The wake-up for us came when the first bombing happened in Paris and we learned that one of the bombers came through two camps here in Greece where we (Evangelical churches and ministries) served, yet he never heard from us that Jesus loved him and wanted to fill and heal his hurting soul. It was then we felt God calling us to have a safe place where they can come, and we can “show and tell” freely.

Immediately, God began bringing churches and individuals to us who could provide  the resources needed to create the center.  In June 2016, The Alliance Relief Refugee Care Center was opened just south of the center of Athens, Greece.

The purpose of the center is to show the love of Christ to recent refugee families stuck in Athens, providing practical help (showers, laundry, Internet, childcare, language classes, counseling, medical check-ups, refreshments) in a comfortable and safe environment, while intentionally looking for opportunities to share the story of the Gospel with those who are seeking.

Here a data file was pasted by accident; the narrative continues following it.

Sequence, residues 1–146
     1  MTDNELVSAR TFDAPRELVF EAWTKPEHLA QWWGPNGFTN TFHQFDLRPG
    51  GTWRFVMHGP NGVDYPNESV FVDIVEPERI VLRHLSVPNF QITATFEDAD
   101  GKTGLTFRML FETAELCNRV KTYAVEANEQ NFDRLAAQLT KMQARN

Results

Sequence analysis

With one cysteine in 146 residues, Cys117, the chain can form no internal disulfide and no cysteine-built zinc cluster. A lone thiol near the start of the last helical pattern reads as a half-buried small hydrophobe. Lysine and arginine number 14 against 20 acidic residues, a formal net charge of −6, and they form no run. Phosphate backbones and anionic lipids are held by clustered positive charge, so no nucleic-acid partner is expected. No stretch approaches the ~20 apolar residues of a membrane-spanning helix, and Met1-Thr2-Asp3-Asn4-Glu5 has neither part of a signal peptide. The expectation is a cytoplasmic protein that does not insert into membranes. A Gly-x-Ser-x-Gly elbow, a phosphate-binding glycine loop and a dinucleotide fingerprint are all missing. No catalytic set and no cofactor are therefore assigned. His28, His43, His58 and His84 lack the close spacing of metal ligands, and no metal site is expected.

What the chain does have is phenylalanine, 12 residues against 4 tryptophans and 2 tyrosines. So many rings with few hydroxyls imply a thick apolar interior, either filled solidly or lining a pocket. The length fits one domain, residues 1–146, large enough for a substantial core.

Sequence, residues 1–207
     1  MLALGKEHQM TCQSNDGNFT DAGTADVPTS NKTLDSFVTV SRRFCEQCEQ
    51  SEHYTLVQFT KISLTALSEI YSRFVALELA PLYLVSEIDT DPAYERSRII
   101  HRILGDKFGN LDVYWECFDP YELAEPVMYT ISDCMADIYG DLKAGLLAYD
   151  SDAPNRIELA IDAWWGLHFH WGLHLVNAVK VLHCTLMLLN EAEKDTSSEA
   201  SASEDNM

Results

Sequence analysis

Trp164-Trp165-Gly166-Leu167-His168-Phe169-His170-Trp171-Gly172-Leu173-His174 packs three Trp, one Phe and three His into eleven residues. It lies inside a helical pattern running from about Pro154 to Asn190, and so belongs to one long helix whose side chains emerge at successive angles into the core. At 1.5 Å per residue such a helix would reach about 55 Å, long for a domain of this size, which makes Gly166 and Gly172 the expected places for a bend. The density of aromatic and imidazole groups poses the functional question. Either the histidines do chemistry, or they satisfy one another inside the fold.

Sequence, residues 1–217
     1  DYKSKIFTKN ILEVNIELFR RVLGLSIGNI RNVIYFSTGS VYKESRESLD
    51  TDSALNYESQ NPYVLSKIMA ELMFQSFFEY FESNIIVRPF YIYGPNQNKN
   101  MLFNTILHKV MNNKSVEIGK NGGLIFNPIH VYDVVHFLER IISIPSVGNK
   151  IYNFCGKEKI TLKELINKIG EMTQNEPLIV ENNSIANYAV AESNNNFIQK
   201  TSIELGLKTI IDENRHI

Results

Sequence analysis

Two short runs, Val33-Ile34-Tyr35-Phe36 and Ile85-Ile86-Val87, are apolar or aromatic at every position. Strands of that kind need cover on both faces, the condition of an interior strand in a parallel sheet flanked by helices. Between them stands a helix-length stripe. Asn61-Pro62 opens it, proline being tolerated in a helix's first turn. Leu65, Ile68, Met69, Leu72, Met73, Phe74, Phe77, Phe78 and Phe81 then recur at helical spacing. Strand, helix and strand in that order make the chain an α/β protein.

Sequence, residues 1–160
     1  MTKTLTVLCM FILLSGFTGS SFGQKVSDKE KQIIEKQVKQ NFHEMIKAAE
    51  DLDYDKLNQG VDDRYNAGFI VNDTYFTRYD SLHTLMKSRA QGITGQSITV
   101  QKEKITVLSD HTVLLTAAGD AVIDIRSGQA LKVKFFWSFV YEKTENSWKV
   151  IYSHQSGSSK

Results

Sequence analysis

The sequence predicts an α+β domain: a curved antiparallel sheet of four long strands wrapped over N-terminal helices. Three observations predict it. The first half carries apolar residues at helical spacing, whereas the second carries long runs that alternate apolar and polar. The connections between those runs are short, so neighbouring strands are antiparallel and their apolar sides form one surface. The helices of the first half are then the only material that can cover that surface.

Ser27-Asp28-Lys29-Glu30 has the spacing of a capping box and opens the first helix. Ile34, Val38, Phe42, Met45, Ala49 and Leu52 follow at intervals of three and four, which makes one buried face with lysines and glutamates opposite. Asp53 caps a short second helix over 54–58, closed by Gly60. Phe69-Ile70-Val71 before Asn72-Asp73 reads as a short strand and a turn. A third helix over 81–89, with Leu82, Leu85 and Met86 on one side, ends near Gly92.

We are open 8-hours a day; three days a week for Farsi-speaking families and three days a week for Arabic-speaking families. On Sunday the center is open to be used for churches or small groups that are birthed from the week, currently hosting a Farsi church of 70 believers and growing.


We believe God is going to reach many refugees through the center and we want to see many disciple-making disciples be sent into Europe through us!

By: Alan & Whitney Brown, Serving in Greece


Please pray for volunteers to come through out the year, for open hearts among the refugees and protection over them and us as they become disciple-making disciples here in Athens and around the world. 

Training Latin Leaders

Global Perspective: Forming Church Leaders to Turn Growth into Maturity